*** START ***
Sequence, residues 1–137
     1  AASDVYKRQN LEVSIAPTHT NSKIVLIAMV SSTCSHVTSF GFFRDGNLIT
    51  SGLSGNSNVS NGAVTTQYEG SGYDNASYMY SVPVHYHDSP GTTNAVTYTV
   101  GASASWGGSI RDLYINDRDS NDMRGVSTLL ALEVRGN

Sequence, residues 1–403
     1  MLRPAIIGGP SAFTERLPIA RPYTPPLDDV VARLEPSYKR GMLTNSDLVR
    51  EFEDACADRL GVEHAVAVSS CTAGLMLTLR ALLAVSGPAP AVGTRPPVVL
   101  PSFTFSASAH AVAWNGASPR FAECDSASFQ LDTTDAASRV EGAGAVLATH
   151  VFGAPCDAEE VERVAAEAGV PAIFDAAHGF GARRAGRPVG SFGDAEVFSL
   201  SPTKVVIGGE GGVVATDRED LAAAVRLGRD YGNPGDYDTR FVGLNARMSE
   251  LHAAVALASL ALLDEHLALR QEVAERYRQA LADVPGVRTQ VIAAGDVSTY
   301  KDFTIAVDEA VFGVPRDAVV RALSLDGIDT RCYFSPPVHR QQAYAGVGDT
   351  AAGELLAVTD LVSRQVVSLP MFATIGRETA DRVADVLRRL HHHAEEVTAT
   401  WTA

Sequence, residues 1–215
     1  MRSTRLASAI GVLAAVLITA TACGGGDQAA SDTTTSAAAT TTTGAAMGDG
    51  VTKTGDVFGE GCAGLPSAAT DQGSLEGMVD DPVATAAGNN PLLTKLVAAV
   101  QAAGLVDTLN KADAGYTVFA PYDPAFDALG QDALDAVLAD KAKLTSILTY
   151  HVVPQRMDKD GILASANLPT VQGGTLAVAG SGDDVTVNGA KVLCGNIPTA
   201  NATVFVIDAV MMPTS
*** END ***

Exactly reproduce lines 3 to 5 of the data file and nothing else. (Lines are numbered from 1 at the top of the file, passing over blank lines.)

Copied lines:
    51  SGLSGNSNVS NGAVTTQYEG SGYDNASYMY SVPVHYHDSP GTTNAVTYTV
   101  GASASWGGSI RDLYINDRDS NDMRGVSTLL ALEVRGN

Sequence, residues 1–403